The headset comes in wired and wireless variants. The only downside to the wired version is that you will need to keep that GameDAC box within reach so you can adjust your max volume or tweak the audio mix to bring up (or silence) the chattering of your friends. The wired version has a single volume dial on the left earcup, but it cannot change your chatmix. (The wireless version has a clickable wheel that does let you adjust how loudly you hear your friends.) Luckily, the cables that come in the box are a few feet long each. One goes from the GameDAC to the headphones, the other goes from the GameDAC to your console or PC. So, at least the little box doesn’t have to sit right next to your PS4. I was able to sit on my couch several feet away without much trouble, though I did have to dabble with the big volume nob now and then.

Decision Tree

The fit and feel of every Arctis Pro is the same, but only one model has that prized GameDAC included. It comes in several varieties, most of which work on PS4 and PC, and they do have some key differences. For instance, the $330 Arctis Pro Wireless has its own larger, squarer box that transmits lossless audio over both Bluetooth and 2.4GHz Wi-Fi. The wireless version sounds fantastic and as good as any other wireless headset I’ve used, but it isn’t as impressive as the wired version.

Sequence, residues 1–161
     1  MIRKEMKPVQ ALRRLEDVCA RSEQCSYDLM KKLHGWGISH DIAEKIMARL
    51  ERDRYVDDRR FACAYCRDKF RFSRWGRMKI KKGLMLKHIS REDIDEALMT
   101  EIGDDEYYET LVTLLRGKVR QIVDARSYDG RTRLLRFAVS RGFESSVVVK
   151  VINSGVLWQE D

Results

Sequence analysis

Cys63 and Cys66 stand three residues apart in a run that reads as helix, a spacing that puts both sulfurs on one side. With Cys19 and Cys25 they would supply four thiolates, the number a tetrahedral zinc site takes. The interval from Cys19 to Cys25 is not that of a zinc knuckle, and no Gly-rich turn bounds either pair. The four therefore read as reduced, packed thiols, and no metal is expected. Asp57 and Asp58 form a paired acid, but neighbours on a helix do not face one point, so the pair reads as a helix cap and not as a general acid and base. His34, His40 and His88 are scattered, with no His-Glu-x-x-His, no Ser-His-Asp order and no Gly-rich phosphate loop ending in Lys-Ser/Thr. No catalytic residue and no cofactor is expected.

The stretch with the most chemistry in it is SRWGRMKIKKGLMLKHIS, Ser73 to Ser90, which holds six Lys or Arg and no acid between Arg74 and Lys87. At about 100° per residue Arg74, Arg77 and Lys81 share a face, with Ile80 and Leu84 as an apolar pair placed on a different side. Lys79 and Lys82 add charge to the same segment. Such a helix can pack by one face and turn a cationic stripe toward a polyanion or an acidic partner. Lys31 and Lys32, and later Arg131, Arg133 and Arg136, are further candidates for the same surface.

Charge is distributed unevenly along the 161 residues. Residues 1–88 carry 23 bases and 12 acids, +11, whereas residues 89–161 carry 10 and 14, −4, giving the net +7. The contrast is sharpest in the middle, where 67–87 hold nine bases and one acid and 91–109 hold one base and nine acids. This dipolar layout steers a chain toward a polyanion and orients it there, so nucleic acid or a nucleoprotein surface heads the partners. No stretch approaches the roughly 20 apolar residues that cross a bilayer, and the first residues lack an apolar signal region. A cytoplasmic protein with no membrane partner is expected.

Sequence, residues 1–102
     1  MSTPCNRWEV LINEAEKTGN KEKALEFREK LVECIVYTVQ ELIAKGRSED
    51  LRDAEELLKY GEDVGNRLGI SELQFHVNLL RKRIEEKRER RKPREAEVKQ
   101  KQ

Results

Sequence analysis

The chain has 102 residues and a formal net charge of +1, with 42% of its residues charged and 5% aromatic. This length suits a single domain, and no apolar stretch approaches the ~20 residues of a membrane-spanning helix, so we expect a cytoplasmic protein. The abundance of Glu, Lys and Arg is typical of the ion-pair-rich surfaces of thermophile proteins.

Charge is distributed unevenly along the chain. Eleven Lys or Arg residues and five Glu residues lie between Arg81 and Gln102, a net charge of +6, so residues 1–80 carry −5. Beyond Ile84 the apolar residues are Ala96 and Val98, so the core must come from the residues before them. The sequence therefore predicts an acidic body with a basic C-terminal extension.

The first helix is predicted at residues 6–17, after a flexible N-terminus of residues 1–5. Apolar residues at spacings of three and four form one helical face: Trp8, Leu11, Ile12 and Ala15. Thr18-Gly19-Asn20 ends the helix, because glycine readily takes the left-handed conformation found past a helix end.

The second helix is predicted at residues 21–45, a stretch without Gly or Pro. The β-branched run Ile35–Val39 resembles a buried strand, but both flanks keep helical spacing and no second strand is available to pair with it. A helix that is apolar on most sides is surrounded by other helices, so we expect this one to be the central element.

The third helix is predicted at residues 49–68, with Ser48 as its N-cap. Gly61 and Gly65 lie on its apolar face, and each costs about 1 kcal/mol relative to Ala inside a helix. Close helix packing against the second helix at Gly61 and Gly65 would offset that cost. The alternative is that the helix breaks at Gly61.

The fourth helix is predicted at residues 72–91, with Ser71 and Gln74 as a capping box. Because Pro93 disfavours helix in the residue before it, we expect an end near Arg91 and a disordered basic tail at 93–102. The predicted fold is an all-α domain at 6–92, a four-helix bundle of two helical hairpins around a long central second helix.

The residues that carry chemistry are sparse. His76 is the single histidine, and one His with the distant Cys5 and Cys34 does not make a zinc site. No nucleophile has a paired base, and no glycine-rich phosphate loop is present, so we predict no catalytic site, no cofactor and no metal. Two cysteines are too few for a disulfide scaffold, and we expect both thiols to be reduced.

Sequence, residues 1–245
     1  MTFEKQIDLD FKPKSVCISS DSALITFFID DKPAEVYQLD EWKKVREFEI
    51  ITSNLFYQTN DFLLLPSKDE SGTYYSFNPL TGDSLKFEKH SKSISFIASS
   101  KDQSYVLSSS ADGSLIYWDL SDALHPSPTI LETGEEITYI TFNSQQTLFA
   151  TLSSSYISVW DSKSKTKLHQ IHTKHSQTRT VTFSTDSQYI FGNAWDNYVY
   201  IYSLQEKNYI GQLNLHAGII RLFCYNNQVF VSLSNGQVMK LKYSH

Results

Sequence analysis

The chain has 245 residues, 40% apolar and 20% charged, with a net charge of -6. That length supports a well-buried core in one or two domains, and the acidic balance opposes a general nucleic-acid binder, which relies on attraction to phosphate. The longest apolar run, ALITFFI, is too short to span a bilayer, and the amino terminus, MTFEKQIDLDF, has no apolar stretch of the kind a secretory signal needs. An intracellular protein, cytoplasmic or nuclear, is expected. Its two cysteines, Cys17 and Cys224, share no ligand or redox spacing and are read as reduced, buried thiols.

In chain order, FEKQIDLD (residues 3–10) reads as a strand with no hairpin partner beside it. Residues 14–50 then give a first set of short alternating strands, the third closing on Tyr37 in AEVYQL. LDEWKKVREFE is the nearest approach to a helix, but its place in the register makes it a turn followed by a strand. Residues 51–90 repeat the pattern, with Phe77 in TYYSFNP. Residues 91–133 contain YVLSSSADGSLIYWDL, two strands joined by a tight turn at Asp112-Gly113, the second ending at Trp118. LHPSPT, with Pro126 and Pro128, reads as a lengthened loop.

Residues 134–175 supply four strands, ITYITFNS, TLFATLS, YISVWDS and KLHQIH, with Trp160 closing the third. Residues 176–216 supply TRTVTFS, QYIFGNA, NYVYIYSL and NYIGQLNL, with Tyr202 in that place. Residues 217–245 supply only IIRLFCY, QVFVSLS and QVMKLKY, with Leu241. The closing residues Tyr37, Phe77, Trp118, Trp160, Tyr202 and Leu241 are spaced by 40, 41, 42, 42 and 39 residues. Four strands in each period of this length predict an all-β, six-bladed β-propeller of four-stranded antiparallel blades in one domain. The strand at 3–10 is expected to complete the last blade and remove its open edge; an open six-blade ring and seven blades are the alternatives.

The wireless version of the new Arctis Pro.


The wireless transmitter pairs with the Arctis Pro Wireless headphones.


The wireless transmitter box has a volume/chatmix wheel and screen to let you muck around with basic settings (no RGB lighting options on this version, sadly). It also has a slot to charge one of the two swappable batteries, each of which lasts about 10 hours. The battery meter on the box’s display is also helpful. Being able to choose between Bluetooth and Wi-Fi or dual connect to both is useful if you’re home isn’t the best place for wireless signals. I’ve yet to have a single putter in my wireless connection. Pro-gamer features like these help justify the higher cost of the Arctis Pro series.

The standard Arctis Pro + GameDAC will set you back $250, but a cheaper $180 wired Arctis Pro without the GameDAC (PC only) is also available. The cheaper version still has a big volume wheel, but its sound also cannot match the wired version with the GameDAC. Like having more cowbell in “(Don’t Fear) the Reaper”, you’re gonna want that audio boost you get with GameDAC.

Best of the Best